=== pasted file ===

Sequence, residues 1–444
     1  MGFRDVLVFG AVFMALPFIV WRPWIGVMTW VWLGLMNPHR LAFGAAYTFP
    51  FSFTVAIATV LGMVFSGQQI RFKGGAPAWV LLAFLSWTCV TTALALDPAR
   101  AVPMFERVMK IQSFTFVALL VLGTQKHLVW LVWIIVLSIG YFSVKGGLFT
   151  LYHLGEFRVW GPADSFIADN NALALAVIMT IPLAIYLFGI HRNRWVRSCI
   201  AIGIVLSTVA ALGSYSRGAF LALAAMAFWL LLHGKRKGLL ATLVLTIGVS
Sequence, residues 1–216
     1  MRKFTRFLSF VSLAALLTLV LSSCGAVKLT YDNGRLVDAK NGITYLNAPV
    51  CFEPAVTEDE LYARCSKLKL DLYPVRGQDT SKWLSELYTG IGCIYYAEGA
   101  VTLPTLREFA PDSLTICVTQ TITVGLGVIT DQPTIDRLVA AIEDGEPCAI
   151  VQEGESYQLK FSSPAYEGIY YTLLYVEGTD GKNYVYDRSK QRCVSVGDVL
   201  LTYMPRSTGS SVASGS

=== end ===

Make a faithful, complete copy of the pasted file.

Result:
Sequence, residues 1–444
     1  MGFRDVLVFG AVFMALPFIV WRPWIGVMTW VWLGLMNPHR LAFGAAYTFP
    51  FSFTVAIATV LGMVFSGQQI RFKGGAPAWV LLAFLSWTCV TTALALDPAR
   101  AVPMFERVMK IQSFTFVALL VLGTQKHLVW LVWIIVLSIG YFSVKGGLFT
   151  LYHLGEFRVW GPADSFIADN NALALAVIMT IPLAIYLFGI HRNRWVRSCI
   201  AIGIVLSTVA ALGSYSRGAF LALAAMAFWL LLHGKRKGLL ATLVLTIGVS
Sequence, residues 1–216
     1  MRKFTRFLSF VSLAALLTLV LSSCGAVKLT YDNGRLVDAK NGITYLNAPV
    51  CFEPAVTEDE LYARCSKLKL DLYPVRGQDT SKWLSELYTG IGCIYYAEGA
   101  VTLPTLREFA PDSLTICVTQ TITVGLGVIT DQPTIDRLVA AIEDGEPCAI
   151  VQEGESYQLK FSSPAYEGIY YTLLYVEGTD GKNYVYDRSK QRCVSVGDVL
   201  LTYMPRSTGS SVASGS